Moon Landing

At least for me, looking at issues related to nuts and bolts of known gives better insight and avoids running away with our system 2 narration related to unknown.
Russia's attempt to land on Moon with Luna-25 seems to have failed.

We don't know the causes of the failure yet.
This is a part preliminary root cause analysis on Luna-25 failure.
Russia’s Luna-25 automatic interplanetary station collided with the Moon last month due to the failure of speed-measuring devices on the probe, Yury Borisov, the head of Russia’s space agency Roscosmos, has said.

During the probe’s landing procedure, “the correction engine didn’t stop working based on the data from the accelerometer,” which resulted in the crash, Borisov explained during a press conference on Friday.

The accelerometers that measure the changes in the speed of the vehicle “didn’t switch on, he added.

The agency head said experts are now looking for reasons why those devices didn’t perform as intended. There are 16 possible scenarios for that to happen, and eleven of them have already been examined, he said.

Borisov also revealed that the first person who offered him words of support after the crash was NASA head Bill Nelson.

Luna-25 was launched on August 11 by a Soyuz 2.1b rocket from the Vostochny Cosmodrome in the Amur Region of Russia’s Far East, the first probe sent to the Moon by the country since the Soviet era.

The spacecraft successfully reached its lunar orbit but was lost in the landing attempt on August 19. The Luna-25 “switched to a non-designated orbit and ceased to exist due to a collision with the surface of the Moon,” was how Roscosmos described it in the moment.

A few days after the crash, Borisov told journalists that the probe’s engine hadn’t shut down properly, running for 127 seconds instead of the planned 84 seconds. He said the agency “will, of course, take into account all the errors that were committed during this mission” to make sure that “the future missions of Luna-26, 27, and 28 will be successful.”
The Apollo missions are interesting for their historical context and since it was a political project primarily, there were surely some shenanigans and conspiracies behind the scenes (whether the landings as presented were real or not) but I doubt it is the most important thing ever.

Much more important for mankind in general and our knowledge&understanding of the Universe and our space environment have been scientific space missions (mostly unmanned) like recent ISRO Chandrayaan 3 and Russian Luna project or NASA's Pioneer and Voyager in the past, for instance. In that respect, in a bit of the Chandrayaan 3 successful moon landing shadow, was left Aditya-L1, another ISRO space probe, launched on September 2nd.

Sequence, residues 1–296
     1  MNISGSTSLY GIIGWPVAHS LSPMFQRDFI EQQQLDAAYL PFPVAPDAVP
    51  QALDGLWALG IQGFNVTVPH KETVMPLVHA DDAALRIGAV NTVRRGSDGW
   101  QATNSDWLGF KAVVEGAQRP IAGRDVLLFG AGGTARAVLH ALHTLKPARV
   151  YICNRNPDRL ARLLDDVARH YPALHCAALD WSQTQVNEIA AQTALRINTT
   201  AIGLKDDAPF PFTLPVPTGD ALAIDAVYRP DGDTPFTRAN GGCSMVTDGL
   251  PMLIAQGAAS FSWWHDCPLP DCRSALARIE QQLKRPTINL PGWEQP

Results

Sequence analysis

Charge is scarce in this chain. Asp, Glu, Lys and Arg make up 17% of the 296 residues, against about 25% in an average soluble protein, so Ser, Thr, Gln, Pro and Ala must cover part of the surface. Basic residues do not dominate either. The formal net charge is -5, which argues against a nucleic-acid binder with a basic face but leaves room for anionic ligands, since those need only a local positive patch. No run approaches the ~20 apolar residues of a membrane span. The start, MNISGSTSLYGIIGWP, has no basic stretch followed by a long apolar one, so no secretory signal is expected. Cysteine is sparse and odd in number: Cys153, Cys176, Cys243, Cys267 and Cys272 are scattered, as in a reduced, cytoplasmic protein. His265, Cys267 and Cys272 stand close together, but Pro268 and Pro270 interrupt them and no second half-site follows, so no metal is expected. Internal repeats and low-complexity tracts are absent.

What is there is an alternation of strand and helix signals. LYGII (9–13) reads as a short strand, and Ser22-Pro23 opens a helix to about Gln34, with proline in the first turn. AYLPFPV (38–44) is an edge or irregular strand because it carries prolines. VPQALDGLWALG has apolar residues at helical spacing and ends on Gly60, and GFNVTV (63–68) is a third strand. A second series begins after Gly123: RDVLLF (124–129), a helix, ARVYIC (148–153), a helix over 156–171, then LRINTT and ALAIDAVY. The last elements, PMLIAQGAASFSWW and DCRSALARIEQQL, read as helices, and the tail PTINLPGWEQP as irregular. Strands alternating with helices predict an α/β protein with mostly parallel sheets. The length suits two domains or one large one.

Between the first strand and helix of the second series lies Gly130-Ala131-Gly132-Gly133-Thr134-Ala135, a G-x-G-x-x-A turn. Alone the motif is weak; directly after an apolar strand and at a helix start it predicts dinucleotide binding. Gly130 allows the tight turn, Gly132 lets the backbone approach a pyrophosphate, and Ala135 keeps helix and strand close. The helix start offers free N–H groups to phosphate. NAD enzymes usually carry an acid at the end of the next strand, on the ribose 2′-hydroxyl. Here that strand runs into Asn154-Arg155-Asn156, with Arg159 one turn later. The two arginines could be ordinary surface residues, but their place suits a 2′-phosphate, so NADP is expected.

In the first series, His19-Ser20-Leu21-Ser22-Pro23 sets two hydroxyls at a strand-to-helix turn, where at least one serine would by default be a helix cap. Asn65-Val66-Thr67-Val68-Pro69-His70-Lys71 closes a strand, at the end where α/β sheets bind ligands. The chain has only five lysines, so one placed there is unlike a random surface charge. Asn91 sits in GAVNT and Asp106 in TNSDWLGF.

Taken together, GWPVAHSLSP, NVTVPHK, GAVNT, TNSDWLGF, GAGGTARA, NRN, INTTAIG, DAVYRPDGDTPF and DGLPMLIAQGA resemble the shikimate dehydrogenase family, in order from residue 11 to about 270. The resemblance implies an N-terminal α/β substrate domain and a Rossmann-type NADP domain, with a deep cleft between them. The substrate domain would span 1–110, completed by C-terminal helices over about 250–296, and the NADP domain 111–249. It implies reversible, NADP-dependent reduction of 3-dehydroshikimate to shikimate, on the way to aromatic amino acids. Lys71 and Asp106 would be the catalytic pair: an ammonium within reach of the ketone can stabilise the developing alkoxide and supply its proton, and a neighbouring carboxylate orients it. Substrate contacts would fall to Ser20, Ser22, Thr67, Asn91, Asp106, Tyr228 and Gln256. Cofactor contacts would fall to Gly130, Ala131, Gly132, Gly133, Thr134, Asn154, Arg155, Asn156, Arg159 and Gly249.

Taken from this article: India's Aditya-L1 solar probe takes an epic selfie with Earth and moon (photos, video)

India's Aditya-L1 solar probe takes an epic selfie with Earth and moon (photos, video)​

Hello, spacecraft! Hello, Earth and moon!

India's first-ever solar probe just beamed some striking imagery home to Earth.
Aditya-L1, the new mission from the Indian Space Research Organisation (ISRO), snapped a photo of itself in space, as well as shots of Earth and the moon. ISRO combined the footage into a video, which the agency shared on X (formerly Twitter) on Thursday (Sept. 7).


The Indian Space Research Organisation Aditya-1 sun spacecraft took a selfie of Earth, visible here in this photo. (Image credit: ISRO)

Aditya-L1 launched on Sept. 2. It's performing checkouts in low Earth orbit right now before heading toward its long-term destination to study the sun. ("Aditya" translates to "sun" in Sanskrit.)

In about four months, the probe will arrive at Earth-sun Lagrange Point 1 (L1), a gravitationally stable spot about 1 million miles (1.5 million kilometers) from our planet in the direction of the sun.
"A satellite placed in the halo orbit around the L1 point has the major advantage of continuously viewing the sun without any occultation/eclipses," ISRO officials wrote in an Aditya-L1 mission description. "This will provide a greater advantage of observing the solar activities and its effect on space weather in real time."


The Indian Space Research Organisation's Aditya-1 spacecraft's selfie in space. (Image credit: ISRO)

Aditya-L1 will study the sun to learn about a few things: solar activity, such as solar flares and coronal mass ejections of charged particles that can spark beautiful auroras on Earth while causing a risk to infrastructure like satellites.

Additionally, it will examine the "coronal heating problem." That refers to the sun's mysteriously ultra-hot outer atmosphere, which reaches temperatures around 2 million degrees Fahrenheit (1.1 million degrees Celsius), according to NASA. Other layers of the sun are not nearly so hot, presenting a mystery for scientists as to how this happens.
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